Thursday, August 12, 2010

Amputation

I've read many times now that losing someone like this is not something you recover from or God forbid, "Get over." How could you? This is not a trial in life that you pass through and look back on. A loss is quite different from a trial. It's not just something you can learn from and then move on. What you have lost is not replaceable in some way. There is no formula to understand it, "Oh maybe this happened so that this could happen." No, no, no, that is way too simple. I think that's what always bothered me about Job- how he loses everything he has and fairly questions God, but in the end- wait, he gets a whole new family- so everything's OK. Um...no.

The most popular analogy I've come across on the slew of widow websites out there- and yes, there are a ton- is that losing your spouse is not just like suffering a wound that will heal over and then you'll have a scar. No, it's suffering an amputation. And if you lost your leg, no one would ask you in a year if your leg was better. Yes, you will go on eventually somehow- but not because you're "better" or "healed" but because you adapt and learn to limp or use a cane or prosthetic. So you're walking again, but it's obviously not the same. I do like this analogy.

I was telling our old pastor on the phone last week that I really couldn't imagine my life ever "going on," and that this is never going to go away. He said that no, I wouldn't be "healed," but that my scar might take on a new meaning just as the scars that the resurrected body of Jesus still had, took on a completely new meaning after he rose from the dead.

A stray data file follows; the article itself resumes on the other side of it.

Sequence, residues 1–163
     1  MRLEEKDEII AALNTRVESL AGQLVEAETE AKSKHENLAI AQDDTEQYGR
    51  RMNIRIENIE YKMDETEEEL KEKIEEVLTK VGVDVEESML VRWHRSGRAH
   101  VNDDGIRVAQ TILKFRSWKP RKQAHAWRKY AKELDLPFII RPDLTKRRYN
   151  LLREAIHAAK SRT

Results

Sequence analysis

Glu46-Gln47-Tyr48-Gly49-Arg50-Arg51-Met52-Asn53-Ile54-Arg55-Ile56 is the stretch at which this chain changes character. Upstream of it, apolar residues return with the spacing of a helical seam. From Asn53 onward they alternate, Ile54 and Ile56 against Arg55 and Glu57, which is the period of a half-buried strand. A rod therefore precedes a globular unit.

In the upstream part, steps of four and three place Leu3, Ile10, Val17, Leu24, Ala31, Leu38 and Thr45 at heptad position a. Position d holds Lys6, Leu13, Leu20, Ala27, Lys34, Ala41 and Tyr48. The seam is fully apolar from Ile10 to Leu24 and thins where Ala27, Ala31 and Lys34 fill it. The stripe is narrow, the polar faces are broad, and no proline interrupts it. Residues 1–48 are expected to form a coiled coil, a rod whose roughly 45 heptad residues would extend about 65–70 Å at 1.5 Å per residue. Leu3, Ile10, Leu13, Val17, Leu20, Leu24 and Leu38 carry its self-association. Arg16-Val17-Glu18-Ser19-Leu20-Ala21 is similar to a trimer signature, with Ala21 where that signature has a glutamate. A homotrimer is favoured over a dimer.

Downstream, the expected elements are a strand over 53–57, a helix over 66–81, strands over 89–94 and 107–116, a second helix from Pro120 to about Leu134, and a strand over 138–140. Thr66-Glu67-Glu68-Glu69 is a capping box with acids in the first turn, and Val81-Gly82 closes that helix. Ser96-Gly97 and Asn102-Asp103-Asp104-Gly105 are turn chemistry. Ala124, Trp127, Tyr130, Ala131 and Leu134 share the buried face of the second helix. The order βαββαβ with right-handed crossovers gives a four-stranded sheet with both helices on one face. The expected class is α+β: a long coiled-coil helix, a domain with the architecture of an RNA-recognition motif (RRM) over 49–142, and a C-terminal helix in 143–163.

I honestly can not imagine yet how that will be so for me and my pain on this side of the grave, but I will try to keep an open mind. The only certainty I have really in this life, is that I know so very little about anything. I still wish to believe in a perspective, in a reality greater than my own.

1 comment:

  1. The image that I liked (I was widowed suddenly at 29) was of Michaelangelo's David. The block of marble from which it was carved was intended for something else, and had been badly gouged. So badly it was thought to be unusuable. Michaelangelo carved the David at an odd angle and in a shape to accommodate the wound, making it part of the final creation. It's not a fix, but a reshaping.

    I'm now in my 50s and remarried. But I still grieve my first husband.

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